Mitigation for the loss of wild runs of these fishes was most often in the form of the easy but nearly always ineffective — if not downright destructive — stocking of hatchery-reared specimens. The exquisitely fine-tuned life histories of natural runs to their home rivers became quashed by mass-produced specimens that were less fit, but that nonetheless competed with any remaining wild individuals, reducing their fitness, too, as they interbred. Responsibility for the continuity of the runs shifted away from maintaining ecological integrity of fish runs and rivers to what amounted to a cosmetic patch via outsourcing. Abundant research has shown that a fish is not a fish is not a fish.

Landing Striped Bass In A Muskie Cradle

My colleague John Page Williams, who works for the Chesapeake Bay Foundation, is also involved in the Maryland CCA. He turned me on to Careful Catch Maryland, which is promoting the use of catch cradles used by muskie anglers to keep big bass in the water during release.

The science behind it is that the less a fish is handled on release, and the less time it spends out of water, the more likely it is to survive.

Check out this scientific paper on catch and release mortality, and how your gear and handling affect a fish’s recovery.

The State Of Bonefish and Tarpon

I asked Dr. Aaron Adams a few questions about the state of bonefish, tarpon, and permit, particularly in Florida after this brutal winter. I also asked him about the mission of the Bonefish and Tarpon Trust. Here’s what he had to say.

FJ: Could you kind of summarize what the Bonefish and Tarpon Trust is all about? If I’m giving money, where is it going?

AA: Bonefish & Tarpon Trust was founded as Bonefish & Tarpon Unlimited in 1998, by a group of concerned, anglers, guides, and scientists. They were concerned about the apparent decline of bonefish and changes in behavior of tarpon in the Keys, and wanted to do something to improve the fisheries. They quickly learned that very little was known about these species, so all threw money in to support some research to figure out enough about the species to improve the fisheries. That initial group has matured into the present day BTT.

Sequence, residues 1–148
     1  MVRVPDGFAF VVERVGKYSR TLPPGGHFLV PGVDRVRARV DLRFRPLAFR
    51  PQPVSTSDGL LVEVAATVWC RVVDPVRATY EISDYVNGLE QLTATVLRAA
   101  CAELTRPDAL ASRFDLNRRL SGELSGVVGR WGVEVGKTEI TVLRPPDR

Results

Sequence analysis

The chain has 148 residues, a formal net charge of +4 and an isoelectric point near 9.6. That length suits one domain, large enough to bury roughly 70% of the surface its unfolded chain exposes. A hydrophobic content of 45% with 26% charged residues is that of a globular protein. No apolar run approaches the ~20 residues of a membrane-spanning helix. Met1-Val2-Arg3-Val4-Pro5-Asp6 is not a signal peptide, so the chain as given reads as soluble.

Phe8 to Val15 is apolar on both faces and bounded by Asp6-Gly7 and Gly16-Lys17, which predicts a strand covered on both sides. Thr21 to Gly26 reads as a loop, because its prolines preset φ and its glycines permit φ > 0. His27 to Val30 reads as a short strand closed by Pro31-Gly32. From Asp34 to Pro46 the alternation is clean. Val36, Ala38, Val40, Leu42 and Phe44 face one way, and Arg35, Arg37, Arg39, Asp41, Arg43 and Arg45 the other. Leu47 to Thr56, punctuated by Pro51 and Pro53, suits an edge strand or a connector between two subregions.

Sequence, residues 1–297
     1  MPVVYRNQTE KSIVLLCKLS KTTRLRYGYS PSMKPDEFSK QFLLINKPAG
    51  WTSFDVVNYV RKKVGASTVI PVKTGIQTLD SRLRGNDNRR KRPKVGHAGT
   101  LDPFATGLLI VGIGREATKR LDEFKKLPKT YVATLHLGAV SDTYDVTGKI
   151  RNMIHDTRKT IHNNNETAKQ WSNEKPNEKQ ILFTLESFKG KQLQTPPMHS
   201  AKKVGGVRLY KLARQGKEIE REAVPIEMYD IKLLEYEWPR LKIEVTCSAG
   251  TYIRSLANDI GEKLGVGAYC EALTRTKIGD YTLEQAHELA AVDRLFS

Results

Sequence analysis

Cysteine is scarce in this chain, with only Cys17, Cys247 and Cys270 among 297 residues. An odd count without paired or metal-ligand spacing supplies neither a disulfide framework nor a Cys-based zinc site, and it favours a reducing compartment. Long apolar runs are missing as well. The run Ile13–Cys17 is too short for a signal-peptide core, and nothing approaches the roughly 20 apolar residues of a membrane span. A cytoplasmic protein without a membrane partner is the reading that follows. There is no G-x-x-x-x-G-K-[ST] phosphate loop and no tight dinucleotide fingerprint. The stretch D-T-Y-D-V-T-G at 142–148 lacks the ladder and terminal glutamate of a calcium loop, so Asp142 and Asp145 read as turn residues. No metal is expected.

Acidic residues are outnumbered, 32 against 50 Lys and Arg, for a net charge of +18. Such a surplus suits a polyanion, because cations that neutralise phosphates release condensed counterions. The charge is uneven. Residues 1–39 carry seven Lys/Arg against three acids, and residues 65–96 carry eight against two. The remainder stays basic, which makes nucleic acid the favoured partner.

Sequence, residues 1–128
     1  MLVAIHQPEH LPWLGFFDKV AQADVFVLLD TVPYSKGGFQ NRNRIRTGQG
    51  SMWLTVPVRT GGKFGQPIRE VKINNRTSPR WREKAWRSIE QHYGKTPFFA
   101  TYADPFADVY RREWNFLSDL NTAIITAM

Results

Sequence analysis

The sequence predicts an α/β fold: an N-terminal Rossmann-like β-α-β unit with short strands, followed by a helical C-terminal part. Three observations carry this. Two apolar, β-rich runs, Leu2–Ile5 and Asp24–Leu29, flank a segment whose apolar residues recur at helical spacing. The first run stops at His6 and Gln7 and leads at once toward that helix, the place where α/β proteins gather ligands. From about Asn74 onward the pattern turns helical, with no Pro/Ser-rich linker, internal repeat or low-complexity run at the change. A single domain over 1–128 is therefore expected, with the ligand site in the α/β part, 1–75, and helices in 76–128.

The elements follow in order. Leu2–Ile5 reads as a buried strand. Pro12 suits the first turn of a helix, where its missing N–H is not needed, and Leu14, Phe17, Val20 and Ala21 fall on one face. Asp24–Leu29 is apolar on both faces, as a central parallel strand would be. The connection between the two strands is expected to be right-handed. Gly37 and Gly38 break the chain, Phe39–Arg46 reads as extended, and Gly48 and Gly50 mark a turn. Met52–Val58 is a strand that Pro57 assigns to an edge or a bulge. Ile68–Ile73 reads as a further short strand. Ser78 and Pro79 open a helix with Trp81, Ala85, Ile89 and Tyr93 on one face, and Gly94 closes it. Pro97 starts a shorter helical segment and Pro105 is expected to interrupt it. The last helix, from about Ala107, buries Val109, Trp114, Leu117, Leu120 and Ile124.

BTT’s mission is to support research toward conservation and improvement of bonefish, tarpon, and permit fisheries. BTT currently supports projects in Florida, The Bahamas, and Caribbean.  The model we follow is to raise funds from a variety of sources (memberships, individual and corporate donations,  grants), and to use these funds to support research, conservation, and education. Approximately 85% of what BTT takes in goes back out to these projects.

BTT uses a set of Research Frameworks to guide research and conservation funding. The frameworks first show the status of knowledge for each species. This is based on peer-reviewed scientific research. Based on the status of knowledge, conservation need, and potential or current threats, we assign a Priority level to each item. We then use these Priority levels to guide funding. You can see the Research Frameworks here: We review the frameworks once a year and revise as needed. The frameworks not only guide immediate funding allocations, but also allow us to plan longer term strategies.

All that to say – the funds are used very efficiently, and via a formal structure that ensures funds are put to the best use toward conservation of these fisheries. And it’s also important to note that this is all with the goal of ensuring bonefish, tarpon, and permit fisheries are healthy for now and for future generations.

FJ: In light of the recent devastating weather patterns in Florida, it seems like the BTT’s mission is more important than ever. We’ve heard about the toll taken on snook, but is there any data or estimates on what happened to bonefish, tarpon and permit?

AA: I can say with certainty that permit were not heavily impacted. I am not aware of any accounts of dead permit in the Keys, and there were only a couple reports of dead permit from farther north. In fact, reports from small plane pilots a couple weeks after the weather began to warm spoke of large schools of large permit offshore, and moving back into the Keys. So it’s quite possible that most permit headed to offshore waters during the cold snap.